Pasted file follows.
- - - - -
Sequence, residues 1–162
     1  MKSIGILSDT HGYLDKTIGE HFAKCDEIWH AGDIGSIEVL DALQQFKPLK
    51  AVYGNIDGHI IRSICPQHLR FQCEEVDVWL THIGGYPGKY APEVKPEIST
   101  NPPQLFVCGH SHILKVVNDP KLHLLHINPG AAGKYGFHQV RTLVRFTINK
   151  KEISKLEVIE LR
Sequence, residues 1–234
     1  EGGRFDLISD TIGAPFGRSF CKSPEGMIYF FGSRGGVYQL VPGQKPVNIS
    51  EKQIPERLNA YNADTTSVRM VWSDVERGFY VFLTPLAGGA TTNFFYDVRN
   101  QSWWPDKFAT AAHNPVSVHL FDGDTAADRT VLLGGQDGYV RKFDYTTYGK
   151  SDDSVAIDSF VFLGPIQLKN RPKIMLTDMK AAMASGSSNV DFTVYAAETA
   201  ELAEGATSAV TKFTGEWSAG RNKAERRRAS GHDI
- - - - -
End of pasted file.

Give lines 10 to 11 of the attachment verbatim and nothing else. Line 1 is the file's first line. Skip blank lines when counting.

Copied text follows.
   151  SDDSVAIDSF VFLGPIQLKN RPKIMLTDMK AAMASGSSNV DFTVYAAETA
   201  ELAEGATSAV TKFTGEWSAG RNKAERRRAS GHDI